And another important note when reading our coach on the hot seat rankings: Outside of the top 10-15 coaches, it’s all about the pressure on a program. While some coaches – like Mississippi State’s Dan Mullen and Iowa’s Kirk Ferentz – aren’t in any danger of being fired. However, both coaches need to continue to show the program is headed in the right direction.
Ranking All 125 CFB Coaches on Hot Seat/Pressure on Program to Win in 2013
|1||Ron English||1-5||EMU is 3-15 in last 18 games.|
|2||Charlie Weis||2-3||KU likely to go winless in Big 12 play.|
|3||Mack Brown||4-2||Win over OU doesn't change much.|
|4||Mike London||2-4||Has vote of confidence…|
|5||Norm Chow||0-6||UH lost by 10 points or less in last 3 games.|
|6||Ron Turner||1-5||Lost to UAB by three on Saturday.|
|7||Bo Pelini||5-1||Huskers in control of Legends Division?|
|8||Charley Molnar||1-5||Minutemen break into win column.|
|9||Dan Enos||3-4||Solid road victory at Ohio for the Chips.|
|10||Matt Rhule||0-6||Army may be only chance at a win this year.|
|11||P.J. Fleck||0-7||WMU outscored 80-20 in last two games.|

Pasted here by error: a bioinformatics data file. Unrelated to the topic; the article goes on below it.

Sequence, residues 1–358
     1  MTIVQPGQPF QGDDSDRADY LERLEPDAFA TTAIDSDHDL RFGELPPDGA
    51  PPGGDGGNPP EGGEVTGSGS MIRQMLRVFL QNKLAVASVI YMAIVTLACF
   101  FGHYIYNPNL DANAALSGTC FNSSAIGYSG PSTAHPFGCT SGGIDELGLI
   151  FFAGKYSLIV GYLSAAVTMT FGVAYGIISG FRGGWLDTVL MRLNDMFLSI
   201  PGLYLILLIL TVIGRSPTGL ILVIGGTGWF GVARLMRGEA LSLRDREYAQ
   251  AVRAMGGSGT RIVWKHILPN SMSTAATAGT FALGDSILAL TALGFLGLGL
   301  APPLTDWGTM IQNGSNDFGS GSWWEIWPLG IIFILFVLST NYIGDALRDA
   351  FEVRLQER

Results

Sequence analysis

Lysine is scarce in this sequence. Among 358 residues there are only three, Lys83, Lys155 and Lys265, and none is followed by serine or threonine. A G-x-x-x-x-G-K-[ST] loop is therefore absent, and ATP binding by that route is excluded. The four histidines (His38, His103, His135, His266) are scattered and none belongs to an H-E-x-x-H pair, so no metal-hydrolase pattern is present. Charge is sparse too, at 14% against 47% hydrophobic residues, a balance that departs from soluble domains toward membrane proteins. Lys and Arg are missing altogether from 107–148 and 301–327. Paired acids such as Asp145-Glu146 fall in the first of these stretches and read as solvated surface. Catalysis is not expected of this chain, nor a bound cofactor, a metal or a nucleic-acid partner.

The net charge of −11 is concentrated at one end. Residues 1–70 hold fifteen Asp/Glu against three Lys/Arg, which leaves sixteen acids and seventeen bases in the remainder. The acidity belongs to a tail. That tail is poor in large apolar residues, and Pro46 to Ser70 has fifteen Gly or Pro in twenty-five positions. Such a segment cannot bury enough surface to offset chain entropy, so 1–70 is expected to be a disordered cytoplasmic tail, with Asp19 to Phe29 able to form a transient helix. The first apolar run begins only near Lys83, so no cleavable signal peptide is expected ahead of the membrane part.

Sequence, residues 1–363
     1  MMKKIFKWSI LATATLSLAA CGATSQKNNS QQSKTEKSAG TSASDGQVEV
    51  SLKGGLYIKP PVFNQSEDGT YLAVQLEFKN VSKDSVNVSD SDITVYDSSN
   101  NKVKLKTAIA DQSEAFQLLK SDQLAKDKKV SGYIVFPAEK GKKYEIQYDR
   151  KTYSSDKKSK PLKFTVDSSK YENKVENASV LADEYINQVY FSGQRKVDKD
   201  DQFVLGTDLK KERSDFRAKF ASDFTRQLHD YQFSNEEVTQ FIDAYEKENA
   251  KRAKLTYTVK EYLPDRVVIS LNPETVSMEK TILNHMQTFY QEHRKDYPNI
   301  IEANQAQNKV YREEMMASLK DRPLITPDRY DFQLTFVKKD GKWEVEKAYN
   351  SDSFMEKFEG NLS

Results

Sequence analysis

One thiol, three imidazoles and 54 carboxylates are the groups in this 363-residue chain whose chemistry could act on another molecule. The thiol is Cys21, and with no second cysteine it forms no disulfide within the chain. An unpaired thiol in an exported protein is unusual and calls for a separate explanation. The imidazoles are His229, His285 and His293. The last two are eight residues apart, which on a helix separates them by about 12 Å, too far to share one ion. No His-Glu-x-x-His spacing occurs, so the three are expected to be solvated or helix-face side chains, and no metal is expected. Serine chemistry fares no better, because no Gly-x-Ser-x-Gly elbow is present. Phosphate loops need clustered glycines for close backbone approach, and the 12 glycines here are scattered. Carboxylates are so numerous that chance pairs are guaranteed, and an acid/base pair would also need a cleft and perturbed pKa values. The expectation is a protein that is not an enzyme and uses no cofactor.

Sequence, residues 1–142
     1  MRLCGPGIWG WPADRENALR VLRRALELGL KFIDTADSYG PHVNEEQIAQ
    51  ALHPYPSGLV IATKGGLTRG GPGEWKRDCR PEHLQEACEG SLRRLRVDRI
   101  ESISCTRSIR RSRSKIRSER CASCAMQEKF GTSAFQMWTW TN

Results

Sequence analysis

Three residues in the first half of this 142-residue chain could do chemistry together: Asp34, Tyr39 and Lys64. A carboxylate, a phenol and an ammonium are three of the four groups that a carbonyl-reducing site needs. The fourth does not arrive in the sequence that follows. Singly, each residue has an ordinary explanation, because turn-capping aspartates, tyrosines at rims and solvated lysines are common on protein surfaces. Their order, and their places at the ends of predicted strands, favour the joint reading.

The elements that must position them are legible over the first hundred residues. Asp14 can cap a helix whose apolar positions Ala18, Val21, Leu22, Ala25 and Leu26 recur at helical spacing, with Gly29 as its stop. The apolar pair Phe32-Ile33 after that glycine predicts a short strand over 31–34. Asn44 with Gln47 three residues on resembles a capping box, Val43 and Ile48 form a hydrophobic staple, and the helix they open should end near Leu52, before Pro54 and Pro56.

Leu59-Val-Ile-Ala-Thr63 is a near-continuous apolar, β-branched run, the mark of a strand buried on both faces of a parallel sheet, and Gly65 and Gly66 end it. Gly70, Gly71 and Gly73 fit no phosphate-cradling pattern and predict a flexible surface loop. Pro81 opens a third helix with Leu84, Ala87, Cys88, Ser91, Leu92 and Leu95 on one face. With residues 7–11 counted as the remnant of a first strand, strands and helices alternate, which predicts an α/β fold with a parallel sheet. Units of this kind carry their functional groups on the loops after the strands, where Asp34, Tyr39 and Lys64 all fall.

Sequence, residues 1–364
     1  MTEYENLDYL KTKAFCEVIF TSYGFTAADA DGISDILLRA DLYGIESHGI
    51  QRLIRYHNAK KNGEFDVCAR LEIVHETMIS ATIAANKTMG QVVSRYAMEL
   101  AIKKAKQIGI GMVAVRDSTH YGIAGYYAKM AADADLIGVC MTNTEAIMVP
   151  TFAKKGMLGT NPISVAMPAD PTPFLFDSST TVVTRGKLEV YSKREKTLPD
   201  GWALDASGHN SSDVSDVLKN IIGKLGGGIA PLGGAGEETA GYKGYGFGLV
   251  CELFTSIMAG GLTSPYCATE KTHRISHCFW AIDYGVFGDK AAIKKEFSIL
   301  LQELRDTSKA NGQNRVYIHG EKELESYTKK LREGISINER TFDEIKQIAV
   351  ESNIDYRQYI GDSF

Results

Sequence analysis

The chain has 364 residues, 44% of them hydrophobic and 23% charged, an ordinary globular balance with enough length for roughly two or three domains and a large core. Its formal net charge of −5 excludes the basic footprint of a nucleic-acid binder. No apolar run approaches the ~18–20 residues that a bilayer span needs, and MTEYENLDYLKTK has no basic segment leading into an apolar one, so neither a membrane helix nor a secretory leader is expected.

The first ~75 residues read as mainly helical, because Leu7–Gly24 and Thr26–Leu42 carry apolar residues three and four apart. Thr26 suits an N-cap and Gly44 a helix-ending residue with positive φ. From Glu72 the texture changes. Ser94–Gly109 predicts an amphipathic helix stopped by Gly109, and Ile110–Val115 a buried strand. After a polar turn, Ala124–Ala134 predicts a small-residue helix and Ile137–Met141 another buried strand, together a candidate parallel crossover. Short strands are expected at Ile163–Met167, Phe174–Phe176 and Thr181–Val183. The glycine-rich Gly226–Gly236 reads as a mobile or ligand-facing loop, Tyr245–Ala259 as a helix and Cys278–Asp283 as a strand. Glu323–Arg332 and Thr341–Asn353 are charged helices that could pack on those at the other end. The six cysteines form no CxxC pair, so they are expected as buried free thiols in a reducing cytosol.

|13||Dana Holgorsen||3-3||Bye week came at good time for WVU.|
|14||Bobby Hauck||4-2||Hauck has Rebels moving in right direction.|
|15||Doc Holliday||4-2||Herd the frontrunner in C-USA East?|
|18||Todd Monken||0-5||No guaranteed win on schedule for USM.|
|19||Dan Mullen||3-3||Tough job, but fanbase getting restless.|
|20||Kirk Ferentz||4-2||Hawkeyes can still make run at bowl.|
|21||Rich Ellerson||3-4||Already surpassed win total from 2012.|
|22||Jeff Quinn||4-2||Bulls have won four in a row.|
|25||Sean Kugler||1-5||Miners on road in five of last six games.|
|27||Rick Stockstill||3-4||Blue Raiders have lost three in a row.|
|28||Terry Bowden||1-6||Zips gave NIU all it could handle.|
|30||Randy Edsall||5-1||Terps one win away from bowl eligibility.|
|33||Rocky Long||3-3||Aztecs back on track.|
|34||Tony Levine||5-0||Soft schedule, but Cougars 5-0.|
|38||Troy Calhoun||1-6||AFA off to worst start since 1993.|
|41||Larry Fedora||1-4||Can UNC get back on track?|
|46||Dan McCarney||3-3||Mean Green should be in mix for winning record.|